Universities

Elsevier, Women's Studies International Forum, Volume 90, 1 January 2022
Featuring original data, this article examines an elaborate network of gendered patterns in the faculty labor pool for the twenty-two English doctoral programs in Canada. Although the gendered distributions seem to approach numerical parity, the more nuanced the analyses, the less equitable these distributions appear. When juxtaposed with Statistics Canada data on English doctoral recipients, such patterns betray unsettling structural inequities for women scholars.
Improving the career progression of women and ethnic minorities in public health universities has been a longstanding challenge, which we believe might be addressed by including staff diversity data in university rankings. We present findings from a mixed methods investigation of gender-related and ethnicity-related differences in career progression at the 15 highest ranked social sciences and public health universities in the world, including an analysis of the intersection between sex and ethnicity.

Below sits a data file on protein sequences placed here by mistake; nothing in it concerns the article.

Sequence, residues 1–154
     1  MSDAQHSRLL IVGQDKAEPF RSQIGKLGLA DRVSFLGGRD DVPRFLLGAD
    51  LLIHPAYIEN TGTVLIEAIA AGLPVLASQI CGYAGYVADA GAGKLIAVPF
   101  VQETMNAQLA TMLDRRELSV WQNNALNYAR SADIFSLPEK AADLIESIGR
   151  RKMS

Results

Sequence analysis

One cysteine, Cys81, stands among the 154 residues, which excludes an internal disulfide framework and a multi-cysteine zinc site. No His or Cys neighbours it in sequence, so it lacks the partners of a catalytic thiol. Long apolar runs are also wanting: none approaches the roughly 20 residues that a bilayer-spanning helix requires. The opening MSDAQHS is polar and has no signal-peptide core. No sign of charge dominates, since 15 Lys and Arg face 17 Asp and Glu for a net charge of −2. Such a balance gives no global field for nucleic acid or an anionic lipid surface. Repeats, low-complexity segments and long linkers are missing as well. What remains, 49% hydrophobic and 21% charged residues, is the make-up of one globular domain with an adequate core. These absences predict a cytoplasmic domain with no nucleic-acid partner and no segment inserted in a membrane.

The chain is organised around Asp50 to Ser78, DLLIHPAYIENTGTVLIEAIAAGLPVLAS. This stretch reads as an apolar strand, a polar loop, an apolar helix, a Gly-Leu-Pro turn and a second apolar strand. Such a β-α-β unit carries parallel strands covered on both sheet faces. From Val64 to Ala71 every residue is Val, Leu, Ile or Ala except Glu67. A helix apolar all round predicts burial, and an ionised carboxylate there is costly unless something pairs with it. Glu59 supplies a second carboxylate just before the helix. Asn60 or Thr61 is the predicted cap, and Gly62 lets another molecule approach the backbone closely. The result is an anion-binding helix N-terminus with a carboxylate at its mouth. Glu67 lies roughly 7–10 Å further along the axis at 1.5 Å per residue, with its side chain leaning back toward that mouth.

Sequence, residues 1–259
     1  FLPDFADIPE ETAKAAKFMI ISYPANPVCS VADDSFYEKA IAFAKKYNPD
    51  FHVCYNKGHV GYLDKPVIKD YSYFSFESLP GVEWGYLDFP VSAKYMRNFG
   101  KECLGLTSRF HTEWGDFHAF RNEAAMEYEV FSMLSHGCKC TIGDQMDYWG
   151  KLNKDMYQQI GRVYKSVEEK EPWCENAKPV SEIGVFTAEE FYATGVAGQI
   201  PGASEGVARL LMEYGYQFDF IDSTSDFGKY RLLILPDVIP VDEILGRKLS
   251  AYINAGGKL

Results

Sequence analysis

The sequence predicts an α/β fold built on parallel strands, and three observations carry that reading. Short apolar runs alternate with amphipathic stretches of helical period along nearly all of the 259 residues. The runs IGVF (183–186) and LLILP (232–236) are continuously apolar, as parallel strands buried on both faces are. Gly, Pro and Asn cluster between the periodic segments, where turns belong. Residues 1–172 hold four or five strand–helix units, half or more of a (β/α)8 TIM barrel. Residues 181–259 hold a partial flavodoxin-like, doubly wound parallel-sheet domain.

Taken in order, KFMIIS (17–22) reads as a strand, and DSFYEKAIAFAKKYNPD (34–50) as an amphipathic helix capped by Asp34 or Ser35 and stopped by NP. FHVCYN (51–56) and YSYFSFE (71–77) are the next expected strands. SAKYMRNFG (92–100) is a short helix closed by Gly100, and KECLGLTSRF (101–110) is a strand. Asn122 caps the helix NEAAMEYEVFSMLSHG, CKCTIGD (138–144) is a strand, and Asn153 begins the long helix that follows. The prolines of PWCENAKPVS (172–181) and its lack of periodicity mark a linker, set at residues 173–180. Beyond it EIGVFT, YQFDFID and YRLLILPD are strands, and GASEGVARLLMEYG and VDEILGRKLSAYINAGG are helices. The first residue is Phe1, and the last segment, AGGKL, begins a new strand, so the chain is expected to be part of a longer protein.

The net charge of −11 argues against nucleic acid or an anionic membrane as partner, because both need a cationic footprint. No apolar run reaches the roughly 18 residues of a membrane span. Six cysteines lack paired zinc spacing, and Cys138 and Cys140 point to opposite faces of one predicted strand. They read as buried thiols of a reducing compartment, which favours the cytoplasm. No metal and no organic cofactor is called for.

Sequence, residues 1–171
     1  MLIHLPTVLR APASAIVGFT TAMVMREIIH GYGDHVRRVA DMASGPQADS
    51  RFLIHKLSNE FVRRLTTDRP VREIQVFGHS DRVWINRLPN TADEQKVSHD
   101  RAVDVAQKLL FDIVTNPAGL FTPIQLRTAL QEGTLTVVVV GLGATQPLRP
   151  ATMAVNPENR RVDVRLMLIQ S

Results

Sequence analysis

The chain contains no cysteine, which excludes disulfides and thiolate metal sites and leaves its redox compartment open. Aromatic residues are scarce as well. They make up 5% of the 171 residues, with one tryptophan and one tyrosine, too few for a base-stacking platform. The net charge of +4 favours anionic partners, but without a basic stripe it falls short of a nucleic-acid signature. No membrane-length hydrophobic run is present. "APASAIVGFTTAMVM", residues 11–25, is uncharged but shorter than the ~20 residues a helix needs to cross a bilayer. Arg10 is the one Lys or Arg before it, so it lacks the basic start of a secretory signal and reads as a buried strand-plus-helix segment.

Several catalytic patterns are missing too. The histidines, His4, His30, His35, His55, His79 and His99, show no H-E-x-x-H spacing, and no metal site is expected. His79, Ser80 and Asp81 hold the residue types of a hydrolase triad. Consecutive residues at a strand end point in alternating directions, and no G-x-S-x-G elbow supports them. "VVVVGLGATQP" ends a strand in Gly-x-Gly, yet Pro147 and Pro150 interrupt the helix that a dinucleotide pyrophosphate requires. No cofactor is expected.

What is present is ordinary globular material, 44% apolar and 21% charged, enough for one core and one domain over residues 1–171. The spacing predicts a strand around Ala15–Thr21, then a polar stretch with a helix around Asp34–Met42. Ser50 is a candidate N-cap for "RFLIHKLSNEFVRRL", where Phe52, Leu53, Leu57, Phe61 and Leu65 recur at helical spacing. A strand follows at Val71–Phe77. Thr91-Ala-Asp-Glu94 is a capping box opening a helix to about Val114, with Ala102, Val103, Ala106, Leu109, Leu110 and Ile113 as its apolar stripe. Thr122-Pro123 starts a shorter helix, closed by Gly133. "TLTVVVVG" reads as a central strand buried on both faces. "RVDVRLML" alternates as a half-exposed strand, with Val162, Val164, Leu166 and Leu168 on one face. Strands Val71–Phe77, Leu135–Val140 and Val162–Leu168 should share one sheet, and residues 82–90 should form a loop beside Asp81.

In the past 50 years, significant progress in women's equality has been made worldwide. Western countries, particularly European countries, have implemented initiatives to attain a more gender-balanced workforce with the introduction of family friendly policies, by trying to narrow the gender pay gap and by promoting women's career progression. In academia, however, fewer women reach top leadership positions than those in the political arena. These findings suggest that academia needs to carefully evaluate why these new policies have not been very effective.